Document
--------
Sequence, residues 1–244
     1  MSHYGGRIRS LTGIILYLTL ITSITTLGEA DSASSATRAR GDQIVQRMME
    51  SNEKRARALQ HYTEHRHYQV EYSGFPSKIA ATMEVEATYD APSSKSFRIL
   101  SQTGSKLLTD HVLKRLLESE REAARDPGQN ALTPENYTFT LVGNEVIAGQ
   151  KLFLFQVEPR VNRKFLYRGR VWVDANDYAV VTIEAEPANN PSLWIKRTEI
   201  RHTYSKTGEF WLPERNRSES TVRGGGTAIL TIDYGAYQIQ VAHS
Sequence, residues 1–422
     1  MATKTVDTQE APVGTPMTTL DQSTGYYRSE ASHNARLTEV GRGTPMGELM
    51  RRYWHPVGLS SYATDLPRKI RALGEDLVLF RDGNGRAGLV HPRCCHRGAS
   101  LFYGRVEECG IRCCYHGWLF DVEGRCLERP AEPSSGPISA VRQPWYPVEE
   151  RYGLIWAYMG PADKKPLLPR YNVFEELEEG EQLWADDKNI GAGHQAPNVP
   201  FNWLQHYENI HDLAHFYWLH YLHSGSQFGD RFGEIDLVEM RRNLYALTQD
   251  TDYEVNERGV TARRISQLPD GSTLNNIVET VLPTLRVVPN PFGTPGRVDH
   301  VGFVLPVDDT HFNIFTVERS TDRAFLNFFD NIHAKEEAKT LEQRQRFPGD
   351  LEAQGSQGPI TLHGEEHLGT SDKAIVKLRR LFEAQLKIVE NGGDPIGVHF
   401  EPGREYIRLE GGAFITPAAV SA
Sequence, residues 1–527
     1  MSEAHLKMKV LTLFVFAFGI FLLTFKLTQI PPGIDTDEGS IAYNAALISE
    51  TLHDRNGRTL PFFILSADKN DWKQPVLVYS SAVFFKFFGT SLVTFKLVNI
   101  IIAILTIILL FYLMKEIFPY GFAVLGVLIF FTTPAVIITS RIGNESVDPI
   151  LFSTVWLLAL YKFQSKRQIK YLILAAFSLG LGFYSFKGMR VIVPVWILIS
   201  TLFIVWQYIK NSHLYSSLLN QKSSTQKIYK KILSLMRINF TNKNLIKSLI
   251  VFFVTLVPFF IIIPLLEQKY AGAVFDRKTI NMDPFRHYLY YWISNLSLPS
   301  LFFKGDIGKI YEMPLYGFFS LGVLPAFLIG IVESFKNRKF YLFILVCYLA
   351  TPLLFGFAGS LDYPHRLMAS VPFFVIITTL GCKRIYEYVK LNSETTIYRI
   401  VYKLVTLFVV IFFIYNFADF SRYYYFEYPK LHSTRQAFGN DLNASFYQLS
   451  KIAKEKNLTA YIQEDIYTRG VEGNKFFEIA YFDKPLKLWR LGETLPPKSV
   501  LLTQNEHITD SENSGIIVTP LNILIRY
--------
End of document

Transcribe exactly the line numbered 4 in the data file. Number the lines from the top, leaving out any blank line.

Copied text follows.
   101  SQTGSKLLTD HVLKRLLESE REAARDPGQN ALTPENYTFT LVGNEVIAGQ